Four new species of King crab has been discovered in the Smithsonian Collections of the National Museum of Natural History in Washington.

Lithodes galapagensis New species of King Crab found in museum storage
Lithodes galapagensis – Picture by NOCS


The four species have been formally described by Sally Hall, a PhD student at the University of Southampton* who discovered the species in the museum. All four hail from the deep sea but from very different parts of the globe. Paralomis nivosa is native to Philippine waters, Paralomis makarovi comes from the cold Bering Sea, Paralomis alcockiana lives off the coast of South Carolina, USA, and Lithodes galapagensis is the only king crab ever recorded from the Galapagos archipelago.

“King crabs include some of the largest crustaceans currently inhabiting Earth and are fished by humans, particularly from the shallower waters of the polar regions”, Hall explained. “The new discoveries increase the total number of king crab species known to 113.”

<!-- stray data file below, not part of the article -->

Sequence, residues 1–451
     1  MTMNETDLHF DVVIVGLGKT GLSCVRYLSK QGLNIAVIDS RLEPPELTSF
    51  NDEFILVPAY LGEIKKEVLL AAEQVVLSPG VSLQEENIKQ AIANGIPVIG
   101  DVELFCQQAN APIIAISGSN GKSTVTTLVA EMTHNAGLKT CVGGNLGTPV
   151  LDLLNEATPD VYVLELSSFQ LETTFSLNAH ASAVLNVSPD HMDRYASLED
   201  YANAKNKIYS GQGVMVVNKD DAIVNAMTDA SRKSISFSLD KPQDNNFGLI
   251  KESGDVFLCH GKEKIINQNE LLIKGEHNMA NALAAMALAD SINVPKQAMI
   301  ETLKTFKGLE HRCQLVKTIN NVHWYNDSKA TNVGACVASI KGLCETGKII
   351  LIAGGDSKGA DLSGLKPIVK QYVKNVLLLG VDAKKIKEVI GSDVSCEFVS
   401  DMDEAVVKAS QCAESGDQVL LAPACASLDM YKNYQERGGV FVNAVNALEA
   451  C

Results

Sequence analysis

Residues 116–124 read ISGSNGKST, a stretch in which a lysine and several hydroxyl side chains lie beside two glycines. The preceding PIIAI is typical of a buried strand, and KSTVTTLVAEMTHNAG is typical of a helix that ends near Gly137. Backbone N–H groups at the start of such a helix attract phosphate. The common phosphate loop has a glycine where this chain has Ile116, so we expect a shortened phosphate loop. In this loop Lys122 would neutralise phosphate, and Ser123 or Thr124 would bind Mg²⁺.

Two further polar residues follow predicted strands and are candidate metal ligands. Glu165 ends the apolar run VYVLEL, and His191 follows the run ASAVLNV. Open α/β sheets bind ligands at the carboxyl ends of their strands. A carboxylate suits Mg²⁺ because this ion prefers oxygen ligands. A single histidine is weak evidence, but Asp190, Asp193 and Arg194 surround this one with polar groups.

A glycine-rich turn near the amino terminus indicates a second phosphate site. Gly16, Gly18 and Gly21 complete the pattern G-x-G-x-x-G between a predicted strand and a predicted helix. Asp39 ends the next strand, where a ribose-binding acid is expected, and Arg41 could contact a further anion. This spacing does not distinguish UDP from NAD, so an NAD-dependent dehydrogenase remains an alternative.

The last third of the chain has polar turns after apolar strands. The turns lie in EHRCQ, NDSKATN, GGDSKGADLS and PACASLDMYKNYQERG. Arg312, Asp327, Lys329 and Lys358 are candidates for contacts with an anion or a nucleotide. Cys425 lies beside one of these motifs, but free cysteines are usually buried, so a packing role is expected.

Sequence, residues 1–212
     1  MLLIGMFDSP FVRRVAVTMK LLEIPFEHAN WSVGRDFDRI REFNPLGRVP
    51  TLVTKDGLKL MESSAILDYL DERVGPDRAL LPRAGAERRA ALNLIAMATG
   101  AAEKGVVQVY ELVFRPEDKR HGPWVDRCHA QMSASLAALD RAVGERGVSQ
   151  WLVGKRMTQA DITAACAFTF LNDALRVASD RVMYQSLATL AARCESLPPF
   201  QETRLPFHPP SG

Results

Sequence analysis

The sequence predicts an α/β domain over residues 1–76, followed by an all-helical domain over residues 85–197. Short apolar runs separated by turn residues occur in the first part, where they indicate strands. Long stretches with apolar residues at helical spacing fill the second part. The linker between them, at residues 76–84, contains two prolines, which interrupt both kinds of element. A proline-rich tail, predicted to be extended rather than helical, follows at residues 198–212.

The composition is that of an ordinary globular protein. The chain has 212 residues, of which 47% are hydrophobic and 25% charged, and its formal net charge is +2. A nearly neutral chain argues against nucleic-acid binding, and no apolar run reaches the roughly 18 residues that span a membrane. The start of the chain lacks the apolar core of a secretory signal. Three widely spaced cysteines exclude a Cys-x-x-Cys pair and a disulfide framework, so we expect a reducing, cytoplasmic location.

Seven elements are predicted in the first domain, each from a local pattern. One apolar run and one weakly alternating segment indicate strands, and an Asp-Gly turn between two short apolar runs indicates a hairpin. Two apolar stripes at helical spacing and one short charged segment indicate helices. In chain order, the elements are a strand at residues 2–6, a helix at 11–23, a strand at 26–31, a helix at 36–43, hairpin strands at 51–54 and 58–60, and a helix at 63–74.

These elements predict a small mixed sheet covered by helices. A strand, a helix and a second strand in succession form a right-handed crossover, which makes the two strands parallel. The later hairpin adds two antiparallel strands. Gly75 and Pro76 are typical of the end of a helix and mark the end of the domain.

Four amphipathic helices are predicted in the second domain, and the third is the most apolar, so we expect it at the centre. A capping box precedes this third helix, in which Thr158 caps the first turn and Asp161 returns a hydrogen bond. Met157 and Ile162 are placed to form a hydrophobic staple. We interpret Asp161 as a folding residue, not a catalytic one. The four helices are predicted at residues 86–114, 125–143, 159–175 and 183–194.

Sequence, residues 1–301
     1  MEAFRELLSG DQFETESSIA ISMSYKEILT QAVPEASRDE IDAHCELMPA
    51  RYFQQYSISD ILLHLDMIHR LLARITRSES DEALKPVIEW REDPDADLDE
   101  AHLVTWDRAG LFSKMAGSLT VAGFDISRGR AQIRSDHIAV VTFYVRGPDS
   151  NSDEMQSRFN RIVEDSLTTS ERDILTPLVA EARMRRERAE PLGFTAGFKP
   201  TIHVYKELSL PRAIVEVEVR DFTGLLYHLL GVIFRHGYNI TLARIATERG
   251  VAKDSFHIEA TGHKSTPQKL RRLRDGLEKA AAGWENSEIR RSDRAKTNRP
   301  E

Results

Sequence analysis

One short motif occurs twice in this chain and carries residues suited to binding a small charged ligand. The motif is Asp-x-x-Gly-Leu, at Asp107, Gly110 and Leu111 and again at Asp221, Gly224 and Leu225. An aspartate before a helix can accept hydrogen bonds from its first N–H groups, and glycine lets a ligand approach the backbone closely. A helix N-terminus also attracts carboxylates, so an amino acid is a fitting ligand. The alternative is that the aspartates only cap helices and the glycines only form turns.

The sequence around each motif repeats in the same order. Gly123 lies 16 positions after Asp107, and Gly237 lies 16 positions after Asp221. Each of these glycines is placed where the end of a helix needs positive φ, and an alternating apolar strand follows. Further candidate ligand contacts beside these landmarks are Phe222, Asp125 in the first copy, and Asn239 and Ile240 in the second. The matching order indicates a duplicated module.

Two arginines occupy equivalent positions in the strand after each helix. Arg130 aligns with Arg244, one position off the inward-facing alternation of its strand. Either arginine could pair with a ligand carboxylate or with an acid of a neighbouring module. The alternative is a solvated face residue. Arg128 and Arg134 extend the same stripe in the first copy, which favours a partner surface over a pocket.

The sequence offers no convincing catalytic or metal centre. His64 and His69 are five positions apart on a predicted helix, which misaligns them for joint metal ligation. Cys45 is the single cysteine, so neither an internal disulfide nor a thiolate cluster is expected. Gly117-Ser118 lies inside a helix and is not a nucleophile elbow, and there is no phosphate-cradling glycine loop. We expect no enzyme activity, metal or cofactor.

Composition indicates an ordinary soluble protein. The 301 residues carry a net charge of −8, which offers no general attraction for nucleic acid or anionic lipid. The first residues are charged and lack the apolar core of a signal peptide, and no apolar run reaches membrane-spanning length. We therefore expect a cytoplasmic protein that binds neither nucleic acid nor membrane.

Hall believes that even more species of King crab will be found in the future.
“The oceans off eastern Africa, the Indian Ocean and the Southern Ocean are all particularly poorly sampled,” she said. “We need to know which king crab species live where before we can fully understand their ecology and evolutionary success.”

* The University of Southampton’s School of Ocean and Earth Science (SOES) at the National Oceanography Centre, Southampton (NOCS)